2018 was a breakthrough year for official recognition of clean meat’s potential at the highest level. From testimony on Capitol Hill to hearings at the FDA to a multi-day USDA / FDA public meeting, the U.S. government has taken notice of the importance of cell-based meat. GFI has been there at every step — and in the pages of Newsweek and The Hill — to make the case for a fair and clear path forward for this better way of producing meat.
A coalition of seven clean meat companies joined GFI in submitting our official comment to the FDA and USDA. Together with Avant Meats, BlueNalu, Finless Foods, Mosa Meat, New Age Meats, Seafuture, and SuperMeat, we lay out the need for clear and fair regulatory structures regarding “Use of Cellular Agriculture to Manufacture Products Derived from Livestock and Poultry Stem Cells.”
We aren’t the only ones who recognize the importance of getting this right. As Secretary of Agriculture Sonny Perdue observed to reporters in November, “We don’t want this new technology to feel like they’ve got to go offshore or outside the United States to get a fair regulatory protocol.”
How to best provide fair regulation is the essence of our comment, as summarized by GFI’s Director of Policy Jessica Almy, Esq.: “The current USDA and FDA regulatory framework can provide clear and fair oversight of cell-cultured meat and poultry, allowing clean meat companies to bring their products to market in the United States. This is exciting for consumers who are eager to try meat that’s created without raising and slaughtering animals.”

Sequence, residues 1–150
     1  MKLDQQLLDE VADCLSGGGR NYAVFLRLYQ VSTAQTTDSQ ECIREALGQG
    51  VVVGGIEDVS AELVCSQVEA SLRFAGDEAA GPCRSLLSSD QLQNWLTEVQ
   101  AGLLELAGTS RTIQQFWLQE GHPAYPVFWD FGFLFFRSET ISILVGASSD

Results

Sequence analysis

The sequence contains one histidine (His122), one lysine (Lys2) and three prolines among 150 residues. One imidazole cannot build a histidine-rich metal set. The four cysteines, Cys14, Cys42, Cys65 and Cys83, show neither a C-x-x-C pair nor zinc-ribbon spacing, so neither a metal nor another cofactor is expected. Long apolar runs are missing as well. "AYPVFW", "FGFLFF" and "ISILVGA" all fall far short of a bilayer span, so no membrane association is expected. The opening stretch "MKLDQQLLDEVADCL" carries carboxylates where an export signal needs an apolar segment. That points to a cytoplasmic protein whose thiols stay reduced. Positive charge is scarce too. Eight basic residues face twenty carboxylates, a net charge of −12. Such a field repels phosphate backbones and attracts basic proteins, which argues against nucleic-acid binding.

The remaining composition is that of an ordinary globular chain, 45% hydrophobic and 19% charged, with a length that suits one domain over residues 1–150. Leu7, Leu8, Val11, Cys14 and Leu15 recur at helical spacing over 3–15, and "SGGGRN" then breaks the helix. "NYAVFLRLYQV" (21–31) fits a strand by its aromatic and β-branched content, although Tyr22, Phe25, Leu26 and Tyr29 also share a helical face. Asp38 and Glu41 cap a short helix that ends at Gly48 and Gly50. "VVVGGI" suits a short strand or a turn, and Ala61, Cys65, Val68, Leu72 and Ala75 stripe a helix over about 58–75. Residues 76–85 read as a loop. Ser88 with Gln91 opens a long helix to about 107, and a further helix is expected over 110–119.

GFI’s Senior Regulatory Specialist Elan Abrell, Ph.D., J.D., noted to the media that the FDA has the expertise to oversee premarket safety evaluations of clean meat: “The production of cell-cultured meat will be similar to applications currently under FDA oversight. The FDA already has well-established tests for detecting any potential hazards.”
Furthermore, Elan pointed out, “Cell-cultured products won’t have any of the hazards associated with slaughter, such as fecal pathogens,” and will present at most no more hazards than those encountered in a conventional meat processing and packaging facility. Thus inspections can be safely conducted in the same manner and with the same frequency as other facilities under FDA or USDA oversight.
Jessica underscored the importance of clear and honest labels: “Cell-cultured meat products should be required to use the same nomenclature as their conventional counterparts. This will ensure people know exactly what they’re buying, especially if they have allergies. These companies should also be allowed to make additional claims (e.g., ‘antibiotic-free’ or ‘slaughter-free’) as long as these claims are supported by scientific evidence.”
Discover how we can ensure consumers have the opportunity to choose cell-based meat in the full comment.